About General Anesthesia
The word "anesthesia" comes from a Greek word meaning “no feeling.” Different techniques of anesthesia can be used depending on the complexity of the procedure. Hence, the type of anesthesia depends on whether it is as major as a heart surgery or an ultra short procedure such as tooth extraction. Anesthesia blocks painful sensory and motor signals traveling to and from the nervous system and thereby induces a state of loss of sensation.
The type of anesthesia that is to be delivered will mainly depend on:
- The general health condition of the patient
- The location of surgery and its anticipated risks
General anesthesia is usually administered intravenously or through inhalation or a combination of both. From the time the anesthesia is given, the patient will not be in a conscious state and hence will not be aware of anything during the surgery. Following this, a curved tube called the endotracheal tube or the breathing tube is placed into the windpipe.
The tube is connected to a ventilator or an anesthesia machine that delivers oxygen and removes carbon-di-oxide from the lungs. The set up ensures the continuous delivery of oxygen and anesthetic gases. The ventilator monitor can be used to determine whether the tube is properly positioned and whether adequate ventilation is provided throughout the surgery.
During the entire surgical procedure the heart rate, blood pressure and the oxygen level in blood are evaluated through monitors.
What are Some of the Anesthetic Agents Used During a Surgery?Inhalation anesthetics are either volatile liquids or gases that are delivered via an anesthesia machine where oxygen, the anesthetic agent and ambient air are combined before delivering. Some compounds that are still in widespread use today are:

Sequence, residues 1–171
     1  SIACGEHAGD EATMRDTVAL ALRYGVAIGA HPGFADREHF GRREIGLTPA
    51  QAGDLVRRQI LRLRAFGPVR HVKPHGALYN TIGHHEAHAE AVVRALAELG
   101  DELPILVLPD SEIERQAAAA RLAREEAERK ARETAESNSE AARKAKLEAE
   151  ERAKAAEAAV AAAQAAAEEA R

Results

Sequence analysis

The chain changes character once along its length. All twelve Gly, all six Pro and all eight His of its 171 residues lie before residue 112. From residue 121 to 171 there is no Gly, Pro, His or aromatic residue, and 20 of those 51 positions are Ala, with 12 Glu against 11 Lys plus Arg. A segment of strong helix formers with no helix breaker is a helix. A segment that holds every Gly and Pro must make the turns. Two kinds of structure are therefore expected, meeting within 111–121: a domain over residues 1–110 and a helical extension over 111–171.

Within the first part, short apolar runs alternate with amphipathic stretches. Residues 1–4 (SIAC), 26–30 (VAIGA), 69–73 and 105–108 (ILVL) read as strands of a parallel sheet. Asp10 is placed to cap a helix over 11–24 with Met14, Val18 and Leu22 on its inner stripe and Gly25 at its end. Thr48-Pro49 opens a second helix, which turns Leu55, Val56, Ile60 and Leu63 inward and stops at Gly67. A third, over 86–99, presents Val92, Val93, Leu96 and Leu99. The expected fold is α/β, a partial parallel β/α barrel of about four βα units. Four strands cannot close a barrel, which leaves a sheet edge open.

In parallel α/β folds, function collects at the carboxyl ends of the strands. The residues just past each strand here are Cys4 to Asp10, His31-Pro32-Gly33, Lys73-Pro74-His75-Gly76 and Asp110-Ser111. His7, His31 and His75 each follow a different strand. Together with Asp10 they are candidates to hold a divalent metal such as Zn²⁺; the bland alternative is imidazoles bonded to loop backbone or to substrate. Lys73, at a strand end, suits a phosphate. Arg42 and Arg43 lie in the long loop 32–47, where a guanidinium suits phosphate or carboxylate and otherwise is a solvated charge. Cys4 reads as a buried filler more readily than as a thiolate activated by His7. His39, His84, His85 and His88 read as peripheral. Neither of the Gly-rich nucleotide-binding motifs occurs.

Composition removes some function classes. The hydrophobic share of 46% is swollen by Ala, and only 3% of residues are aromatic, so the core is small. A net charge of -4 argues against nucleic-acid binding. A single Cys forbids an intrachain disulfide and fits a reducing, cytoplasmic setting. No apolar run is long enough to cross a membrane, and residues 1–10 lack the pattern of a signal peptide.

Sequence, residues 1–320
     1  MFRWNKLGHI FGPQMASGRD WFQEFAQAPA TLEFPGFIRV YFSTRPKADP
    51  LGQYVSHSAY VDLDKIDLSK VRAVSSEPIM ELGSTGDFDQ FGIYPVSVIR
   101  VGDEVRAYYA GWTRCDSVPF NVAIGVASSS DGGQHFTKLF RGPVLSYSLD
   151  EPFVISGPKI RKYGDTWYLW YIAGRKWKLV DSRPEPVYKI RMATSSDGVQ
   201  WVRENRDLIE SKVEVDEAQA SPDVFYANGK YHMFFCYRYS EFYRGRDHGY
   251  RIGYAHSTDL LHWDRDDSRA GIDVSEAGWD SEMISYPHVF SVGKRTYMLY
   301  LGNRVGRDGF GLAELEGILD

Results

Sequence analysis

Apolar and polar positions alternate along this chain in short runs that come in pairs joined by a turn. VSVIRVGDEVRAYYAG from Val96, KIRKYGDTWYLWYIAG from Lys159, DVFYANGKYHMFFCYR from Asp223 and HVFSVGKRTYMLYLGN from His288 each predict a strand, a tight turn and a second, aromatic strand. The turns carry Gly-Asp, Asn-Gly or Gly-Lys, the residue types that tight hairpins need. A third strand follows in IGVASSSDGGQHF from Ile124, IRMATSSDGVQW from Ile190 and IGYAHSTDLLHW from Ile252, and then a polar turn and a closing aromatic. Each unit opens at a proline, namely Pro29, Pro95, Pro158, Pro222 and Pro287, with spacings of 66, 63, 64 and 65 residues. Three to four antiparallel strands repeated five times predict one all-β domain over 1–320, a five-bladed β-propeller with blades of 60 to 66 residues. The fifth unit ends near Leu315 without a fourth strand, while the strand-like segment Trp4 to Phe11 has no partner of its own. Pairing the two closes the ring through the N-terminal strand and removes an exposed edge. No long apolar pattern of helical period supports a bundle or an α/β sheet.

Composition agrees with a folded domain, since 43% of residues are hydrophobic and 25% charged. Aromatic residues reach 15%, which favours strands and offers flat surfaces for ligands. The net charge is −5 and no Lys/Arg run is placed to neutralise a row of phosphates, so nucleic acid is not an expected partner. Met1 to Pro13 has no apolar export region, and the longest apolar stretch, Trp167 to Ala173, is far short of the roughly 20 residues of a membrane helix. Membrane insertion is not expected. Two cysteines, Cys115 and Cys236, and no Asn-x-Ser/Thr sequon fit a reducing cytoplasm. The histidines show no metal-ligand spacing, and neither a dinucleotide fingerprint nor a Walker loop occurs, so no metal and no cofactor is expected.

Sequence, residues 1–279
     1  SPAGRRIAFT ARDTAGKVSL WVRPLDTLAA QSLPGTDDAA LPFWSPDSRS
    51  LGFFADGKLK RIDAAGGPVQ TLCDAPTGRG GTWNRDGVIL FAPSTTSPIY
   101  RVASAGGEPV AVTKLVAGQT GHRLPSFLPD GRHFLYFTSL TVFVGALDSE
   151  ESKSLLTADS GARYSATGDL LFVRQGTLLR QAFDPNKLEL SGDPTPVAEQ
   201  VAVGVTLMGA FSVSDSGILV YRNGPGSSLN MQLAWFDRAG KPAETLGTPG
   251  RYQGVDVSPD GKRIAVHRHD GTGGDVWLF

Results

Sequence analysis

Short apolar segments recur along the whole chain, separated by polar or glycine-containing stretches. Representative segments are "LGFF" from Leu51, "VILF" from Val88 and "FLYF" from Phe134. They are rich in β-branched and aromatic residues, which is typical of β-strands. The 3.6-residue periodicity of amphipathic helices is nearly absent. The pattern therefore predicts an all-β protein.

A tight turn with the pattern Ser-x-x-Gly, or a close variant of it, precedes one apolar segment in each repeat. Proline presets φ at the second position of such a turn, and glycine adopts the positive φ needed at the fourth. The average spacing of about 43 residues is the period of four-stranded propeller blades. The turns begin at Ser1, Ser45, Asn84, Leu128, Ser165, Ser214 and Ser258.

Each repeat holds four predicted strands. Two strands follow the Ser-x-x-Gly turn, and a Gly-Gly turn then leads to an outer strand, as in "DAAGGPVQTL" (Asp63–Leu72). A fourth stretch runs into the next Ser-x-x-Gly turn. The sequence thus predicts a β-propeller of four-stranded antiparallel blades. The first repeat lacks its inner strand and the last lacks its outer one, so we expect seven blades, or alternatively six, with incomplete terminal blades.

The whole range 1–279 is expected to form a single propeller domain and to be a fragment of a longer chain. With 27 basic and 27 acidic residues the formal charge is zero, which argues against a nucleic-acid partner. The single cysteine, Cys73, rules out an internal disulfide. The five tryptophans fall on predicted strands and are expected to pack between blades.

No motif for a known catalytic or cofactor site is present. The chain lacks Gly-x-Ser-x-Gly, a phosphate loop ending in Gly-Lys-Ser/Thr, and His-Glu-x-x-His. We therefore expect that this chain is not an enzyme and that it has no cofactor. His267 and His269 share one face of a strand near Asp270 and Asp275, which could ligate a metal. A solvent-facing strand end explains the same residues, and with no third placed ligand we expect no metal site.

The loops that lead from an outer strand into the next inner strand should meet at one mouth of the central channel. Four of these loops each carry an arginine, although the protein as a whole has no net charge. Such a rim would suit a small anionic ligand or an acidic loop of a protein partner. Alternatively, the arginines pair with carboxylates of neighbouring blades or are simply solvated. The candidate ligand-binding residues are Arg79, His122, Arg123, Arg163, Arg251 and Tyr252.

midazolam are sedatives that are used in combinations with other general anesthetics.
What Happens Following the Operation?At the end of the surgery, the anesthesiologist essentially reverses the effects of the anesthetic drugs.
Following surgery, the patient is allowed to wake up and the tube is taken out only after the anaesthetist is reassured that they can breathe on their own.
Following this, the patient is shifted to the recovery room where all the vital signs are monitored. Nurses will be there to assist in case of any need. Usually, after an hour or so, the patient will be shifted back to a general ward.
The nurses and the doctors in the ward will provide instructions regarding the precautions to be taken and give other advice regarding food and medication.
It is best to avoid solid foods on the day of the surgery; in some cases the patient will be allowed to sip fluids once they are back in the ward. However, if they have nausea this is best avoided.
What are the Risks Involved in Anesthesia?With improvements in the field of medicine and technology, anesthesia is a very safe procedure. The risks can be minimized in most of the cases.